REVIEWED BY JEN HINST-WHITE
“If I’m going to tell you the story of how I lost two people who were closer than blood to me, I have to begin here in Dennett, Texas, during the summer between the sophomore and junior years of my life. This story begins as it ends, with me, Cirilo Izquierdo, waiting for what all of us spend our whole lives waiting for: not to be alone anymore.” — Throw: A Novel, by Rubén Degollado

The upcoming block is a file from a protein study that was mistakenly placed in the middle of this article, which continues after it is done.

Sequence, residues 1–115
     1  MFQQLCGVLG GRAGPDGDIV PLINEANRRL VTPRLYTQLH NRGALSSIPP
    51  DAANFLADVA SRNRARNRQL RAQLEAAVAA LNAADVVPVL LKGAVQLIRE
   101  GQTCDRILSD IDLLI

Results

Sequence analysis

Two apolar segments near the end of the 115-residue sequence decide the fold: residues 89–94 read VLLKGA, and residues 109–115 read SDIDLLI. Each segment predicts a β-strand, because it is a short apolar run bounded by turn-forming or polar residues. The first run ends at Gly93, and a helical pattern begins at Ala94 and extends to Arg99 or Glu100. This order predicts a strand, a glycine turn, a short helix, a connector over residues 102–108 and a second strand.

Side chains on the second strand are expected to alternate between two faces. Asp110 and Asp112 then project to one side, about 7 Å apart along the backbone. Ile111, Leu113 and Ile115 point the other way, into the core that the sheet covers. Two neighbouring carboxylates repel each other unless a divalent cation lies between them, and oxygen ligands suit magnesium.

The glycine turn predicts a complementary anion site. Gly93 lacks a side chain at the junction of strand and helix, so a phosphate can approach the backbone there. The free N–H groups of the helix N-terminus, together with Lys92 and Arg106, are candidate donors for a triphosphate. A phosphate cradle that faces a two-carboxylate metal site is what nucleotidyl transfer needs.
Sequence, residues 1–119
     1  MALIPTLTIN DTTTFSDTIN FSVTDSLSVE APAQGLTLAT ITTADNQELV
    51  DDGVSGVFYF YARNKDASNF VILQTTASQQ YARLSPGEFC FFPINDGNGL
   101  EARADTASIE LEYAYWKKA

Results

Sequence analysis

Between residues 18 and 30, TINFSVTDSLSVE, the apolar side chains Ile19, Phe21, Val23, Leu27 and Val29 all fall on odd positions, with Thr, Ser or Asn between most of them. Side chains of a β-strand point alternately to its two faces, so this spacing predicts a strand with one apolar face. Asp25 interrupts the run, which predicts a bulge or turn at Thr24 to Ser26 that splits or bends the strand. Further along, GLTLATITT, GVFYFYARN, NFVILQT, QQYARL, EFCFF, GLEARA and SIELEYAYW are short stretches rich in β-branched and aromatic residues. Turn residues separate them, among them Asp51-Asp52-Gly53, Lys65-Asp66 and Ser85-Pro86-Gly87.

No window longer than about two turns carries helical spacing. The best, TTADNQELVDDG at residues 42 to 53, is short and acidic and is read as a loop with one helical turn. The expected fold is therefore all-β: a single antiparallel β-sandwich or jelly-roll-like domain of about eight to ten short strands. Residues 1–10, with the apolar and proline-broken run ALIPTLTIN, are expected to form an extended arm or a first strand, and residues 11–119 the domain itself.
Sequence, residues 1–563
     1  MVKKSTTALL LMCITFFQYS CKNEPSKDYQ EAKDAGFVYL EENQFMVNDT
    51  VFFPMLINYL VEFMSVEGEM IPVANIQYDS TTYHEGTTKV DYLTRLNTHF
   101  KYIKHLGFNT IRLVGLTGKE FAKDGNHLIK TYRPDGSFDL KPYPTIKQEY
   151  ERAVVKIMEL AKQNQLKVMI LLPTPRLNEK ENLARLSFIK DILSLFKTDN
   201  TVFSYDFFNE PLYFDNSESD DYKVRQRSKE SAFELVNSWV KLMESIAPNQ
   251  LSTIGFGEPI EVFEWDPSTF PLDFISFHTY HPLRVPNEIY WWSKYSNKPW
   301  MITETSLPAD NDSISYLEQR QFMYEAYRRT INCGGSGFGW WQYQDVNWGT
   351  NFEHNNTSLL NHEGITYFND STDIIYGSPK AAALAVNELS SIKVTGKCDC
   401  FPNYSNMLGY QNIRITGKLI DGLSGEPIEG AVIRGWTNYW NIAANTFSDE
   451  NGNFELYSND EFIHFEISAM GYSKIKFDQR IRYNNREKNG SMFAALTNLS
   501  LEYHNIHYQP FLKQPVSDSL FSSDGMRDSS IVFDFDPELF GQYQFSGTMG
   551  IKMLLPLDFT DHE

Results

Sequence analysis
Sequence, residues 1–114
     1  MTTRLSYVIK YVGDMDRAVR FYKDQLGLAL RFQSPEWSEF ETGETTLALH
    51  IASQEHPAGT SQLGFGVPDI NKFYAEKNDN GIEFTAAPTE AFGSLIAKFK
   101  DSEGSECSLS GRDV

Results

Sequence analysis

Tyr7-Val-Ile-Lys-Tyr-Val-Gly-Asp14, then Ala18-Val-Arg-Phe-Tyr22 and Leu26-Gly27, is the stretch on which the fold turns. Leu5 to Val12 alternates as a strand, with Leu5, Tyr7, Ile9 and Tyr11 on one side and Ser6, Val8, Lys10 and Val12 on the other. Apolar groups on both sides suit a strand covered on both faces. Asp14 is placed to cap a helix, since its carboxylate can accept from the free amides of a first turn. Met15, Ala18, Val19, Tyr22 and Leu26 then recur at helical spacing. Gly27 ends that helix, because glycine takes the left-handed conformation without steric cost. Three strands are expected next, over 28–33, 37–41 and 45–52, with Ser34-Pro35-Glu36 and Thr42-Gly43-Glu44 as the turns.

If I offer you the words contemplative novel, you may not immediately picture—for example—someone getting stabbed in the leg with a pencil. You may not picture a tangle of high schoolers fighting and flirting, fueling rumors and throwing shade and roaming lowrider car shows.